Beyond whatever the job itself accomplishes, there is also meaning and purpose with what you do with your wages. Providing for your family, for example, is fundamentally important to their ability to thrive. It is important -- particularly when you are stressed, put out or otherwise unhappy -- to remind yourself of the security and opportunities garnered from your wages. That alone may give you strength in difficult moments at work.
"Onboarding" is the term human resources folks use when someone starts at a new company, to get them prepared.
It's now time for you to get on board with your new start. You're prepared. You are the human resource you've been waiting for.
Here's the last takeaway: These factors -- improving how you spend time, connecting with those around you, adding meaning to your tasks -- are just as vital for your non-working hours.

Let’s face it. Jobs suck.

I spent 13 years of my life working in various jobs, and I never felt right about it. Not once did I feel like I was doing my life’s work.

There was always a little voice in the back of my head telling me “you’ll never be happy working for someone else. When are you going to get the balls to try working for yourself?

In 2006 I found those balls.

After 13 years of working on shit I didn’t care about, after the boredom, the depression, after all the crap I endured from bosses who expected 60 hour weeks and still gave me a hard time about taking a week off here or there, after feeling like there MUST be more to life than Corporate America™

I decided to ditch my well-paying but mind-numbingly-boring job and find out for myself if being self-employed was the answer to all my prayers.

I always knew my life would be incomplete until I at least tried working for myself. To see if I could do it and find out what life would be like without the rules everyone else lives under. For some reason, it took me 13 years and 5 jobs to finally take the plunge.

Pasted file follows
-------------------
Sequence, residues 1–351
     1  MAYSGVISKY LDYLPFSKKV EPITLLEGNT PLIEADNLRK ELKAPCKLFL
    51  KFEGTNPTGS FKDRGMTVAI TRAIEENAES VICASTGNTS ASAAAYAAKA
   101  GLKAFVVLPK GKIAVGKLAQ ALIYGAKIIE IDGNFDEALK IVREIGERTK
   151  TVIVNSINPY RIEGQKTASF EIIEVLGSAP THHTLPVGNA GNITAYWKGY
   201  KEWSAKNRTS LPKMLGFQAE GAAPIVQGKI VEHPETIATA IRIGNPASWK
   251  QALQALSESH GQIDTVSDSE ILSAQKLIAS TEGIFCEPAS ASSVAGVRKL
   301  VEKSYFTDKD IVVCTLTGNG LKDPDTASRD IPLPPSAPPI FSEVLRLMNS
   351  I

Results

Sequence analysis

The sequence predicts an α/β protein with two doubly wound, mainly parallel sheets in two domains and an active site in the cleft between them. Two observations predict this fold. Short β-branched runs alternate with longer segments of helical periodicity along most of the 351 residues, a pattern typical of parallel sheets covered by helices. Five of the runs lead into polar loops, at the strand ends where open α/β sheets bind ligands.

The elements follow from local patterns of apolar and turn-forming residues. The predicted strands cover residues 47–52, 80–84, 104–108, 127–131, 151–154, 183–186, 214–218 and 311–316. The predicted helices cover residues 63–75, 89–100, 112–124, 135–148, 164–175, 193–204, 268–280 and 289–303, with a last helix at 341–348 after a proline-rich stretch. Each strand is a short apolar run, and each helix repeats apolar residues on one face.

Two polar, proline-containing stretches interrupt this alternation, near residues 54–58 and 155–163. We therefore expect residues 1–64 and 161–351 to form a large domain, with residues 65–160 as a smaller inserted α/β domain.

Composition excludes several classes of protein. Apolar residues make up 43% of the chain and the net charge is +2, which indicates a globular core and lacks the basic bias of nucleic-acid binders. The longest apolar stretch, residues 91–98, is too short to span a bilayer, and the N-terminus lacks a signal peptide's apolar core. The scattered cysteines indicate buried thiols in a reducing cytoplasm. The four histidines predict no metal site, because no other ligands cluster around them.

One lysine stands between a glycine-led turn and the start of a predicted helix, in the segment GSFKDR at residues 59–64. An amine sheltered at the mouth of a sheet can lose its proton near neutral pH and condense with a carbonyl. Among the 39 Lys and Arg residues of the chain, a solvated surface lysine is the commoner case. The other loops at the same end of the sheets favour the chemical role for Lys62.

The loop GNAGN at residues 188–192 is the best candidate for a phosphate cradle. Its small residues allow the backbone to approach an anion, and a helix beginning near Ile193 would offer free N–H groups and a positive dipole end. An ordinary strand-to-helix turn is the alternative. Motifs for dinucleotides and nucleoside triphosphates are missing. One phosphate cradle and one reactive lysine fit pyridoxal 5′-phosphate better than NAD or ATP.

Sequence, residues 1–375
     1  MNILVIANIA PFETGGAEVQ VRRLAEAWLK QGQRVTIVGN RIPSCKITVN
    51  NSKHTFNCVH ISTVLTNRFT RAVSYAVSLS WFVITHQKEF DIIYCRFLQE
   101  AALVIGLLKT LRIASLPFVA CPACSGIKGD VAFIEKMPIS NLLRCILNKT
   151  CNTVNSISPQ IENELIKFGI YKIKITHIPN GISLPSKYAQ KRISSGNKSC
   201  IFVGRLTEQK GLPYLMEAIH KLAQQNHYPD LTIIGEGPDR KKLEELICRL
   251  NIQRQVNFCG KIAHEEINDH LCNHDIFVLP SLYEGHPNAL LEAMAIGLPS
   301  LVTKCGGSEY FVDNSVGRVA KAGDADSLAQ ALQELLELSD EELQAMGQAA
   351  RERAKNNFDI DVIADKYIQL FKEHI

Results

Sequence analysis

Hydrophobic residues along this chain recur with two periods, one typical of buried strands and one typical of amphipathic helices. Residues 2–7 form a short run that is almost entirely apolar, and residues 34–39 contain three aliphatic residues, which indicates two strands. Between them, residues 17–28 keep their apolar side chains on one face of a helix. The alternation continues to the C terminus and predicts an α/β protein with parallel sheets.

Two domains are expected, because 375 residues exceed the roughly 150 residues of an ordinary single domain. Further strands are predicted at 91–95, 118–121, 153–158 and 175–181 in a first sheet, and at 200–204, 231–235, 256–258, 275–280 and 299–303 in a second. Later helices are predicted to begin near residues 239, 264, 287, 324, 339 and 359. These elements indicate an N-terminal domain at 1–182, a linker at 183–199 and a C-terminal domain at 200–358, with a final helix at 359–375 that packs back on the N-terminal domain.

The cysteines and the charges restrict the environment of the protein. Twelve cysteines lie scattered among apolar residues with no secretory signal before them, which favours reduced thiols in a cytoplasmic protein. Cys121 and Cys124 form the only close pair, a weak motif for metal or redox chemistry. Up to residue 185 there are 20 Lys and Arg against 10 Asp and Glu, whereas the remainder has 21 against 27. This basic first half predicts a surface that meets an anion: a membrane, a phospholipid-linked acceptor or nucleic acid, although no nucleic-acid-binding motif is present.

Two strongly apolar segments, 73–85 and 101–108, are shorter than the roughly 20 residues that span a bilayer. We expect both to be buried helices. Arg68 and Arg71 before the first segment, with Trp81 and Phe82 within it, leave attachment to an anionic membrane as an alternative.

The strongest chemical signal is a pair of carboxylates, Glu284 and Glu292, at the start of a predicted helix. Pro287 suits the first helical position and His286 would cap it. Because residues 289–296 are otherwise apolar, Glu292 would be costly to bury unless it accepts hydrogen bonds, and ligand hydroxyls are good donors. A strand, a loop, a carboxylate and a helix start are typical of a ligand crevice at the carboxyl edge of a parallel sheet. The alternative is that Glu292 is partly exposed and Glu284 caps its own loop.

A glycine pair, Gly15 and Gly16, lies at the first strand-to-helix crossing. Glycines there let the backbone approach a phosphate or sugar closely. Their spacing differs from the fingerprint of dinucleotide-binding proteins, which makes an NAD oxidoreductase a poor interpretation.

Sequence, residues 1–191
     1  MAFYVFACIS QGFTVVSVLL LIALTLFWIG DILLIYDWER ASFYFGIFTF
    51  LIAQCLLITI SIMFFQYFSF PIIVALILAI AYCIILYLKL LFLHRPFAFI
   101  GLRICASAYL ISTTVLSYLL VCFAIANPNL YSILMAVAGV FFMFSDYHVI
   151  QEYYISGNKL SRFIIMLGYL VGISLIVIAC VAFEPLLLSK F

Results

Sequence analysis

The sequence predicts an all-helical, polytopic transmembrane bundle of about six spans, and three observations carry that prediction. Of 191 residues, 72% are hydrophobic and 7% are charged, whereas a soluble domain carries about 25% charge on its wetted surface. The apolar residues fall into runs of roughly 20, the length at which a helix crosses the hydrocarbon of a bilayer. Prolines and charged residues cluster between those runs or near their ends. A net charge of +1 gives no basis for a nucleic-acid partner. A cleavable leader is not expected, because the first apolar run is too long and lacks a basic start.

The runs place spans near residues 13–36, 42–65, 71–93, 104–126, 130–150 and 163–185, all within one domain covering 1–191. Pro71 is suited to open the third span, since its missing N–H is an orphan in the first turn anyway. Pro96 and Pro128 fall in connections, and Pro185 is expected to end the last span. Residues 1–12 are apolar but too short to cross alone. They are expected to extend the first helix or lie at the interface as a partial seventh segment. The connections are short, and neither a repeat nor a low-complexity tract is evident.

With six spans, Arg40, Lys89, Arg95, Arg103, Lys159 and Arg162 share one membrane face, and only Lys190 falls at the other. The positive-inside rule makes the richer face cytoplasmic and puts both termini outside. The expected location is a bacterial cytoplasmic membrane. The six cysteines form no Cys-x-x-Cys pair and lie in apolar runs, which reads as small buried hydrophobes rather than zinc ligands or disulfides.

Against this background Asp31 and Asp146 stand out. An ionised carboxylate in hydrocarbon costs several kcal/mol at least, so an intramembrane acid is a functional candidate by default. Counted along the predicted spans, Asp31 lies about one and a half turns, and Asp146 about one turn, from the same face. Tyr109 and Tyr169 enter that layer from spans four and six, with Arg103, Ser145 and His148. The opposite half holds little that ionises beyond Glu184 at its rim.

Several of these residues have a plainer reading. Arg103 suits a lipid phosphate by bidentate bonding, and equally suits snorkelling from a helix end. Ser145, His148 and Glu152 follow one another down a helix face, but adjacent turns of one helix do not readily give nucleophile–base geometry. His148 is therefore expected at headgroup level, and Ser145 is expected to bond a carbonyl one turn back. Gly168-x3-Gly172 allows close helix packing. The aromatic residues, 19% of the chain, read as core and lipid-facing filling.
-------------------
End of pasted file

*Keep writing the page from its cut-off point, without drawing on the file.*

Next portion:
Finally I looked myself in the eye and asked, “why the fuck should I spend close to 50% of my waking hours during the most healthy and vibrant period of my life at a job, doing something I couldn’t care less about, contributing far less than my true potential to the world?

I decided I wanted my life to be about more than powerpoint slides and meetings, and worrying about what some boss thought of me.

Why the hell did it take me so long to ask this question and own up to what I felt was my destiny?

Mostly it was fear. Fear and comfort…

Why You Should Never Work a Job Again

Listen, if you like your job, that’s cool. I know there are some people out there who are fulfilled by their jobs. (although I suspect you might not be totally satisfied if you’re still reading this)

Most people I know pretty much hate their jobs. They complain about the work, the people, the commute, the pay, the hours, the lack of vacation time and control over their lives.

They talk about dreams and hobbies and “some day” as if it just isn’t in the cards for them. That version of life is for someone else, someone with better luck and fewer responsibilities.

99% of these people will work a job until they retire or die. Most just accept that having a job is something you simply do in life. You’re born, you grow up, you work at a job, you retire and enjoy yourself for a few years or a decade, you get old, and then you die.

Some of the poor and middle class complain about corporate control of wealth and power, and yet most of us work for those companies, buy what they sell us, watch what they create and accept their vision of the world as our reality.

But don’t get me started on that…

This isn’t about society or what other people do.

It’s about you.

It’s about asking yourself what you want your life to be all about. Do you want the next 30 years to go by, only to feel like you never tested yourself? Like you never stretched your limits and capabilities and experienced everything you possibly could in life? Like you wasted your potential because you lived under some invisible set of rules your whole life?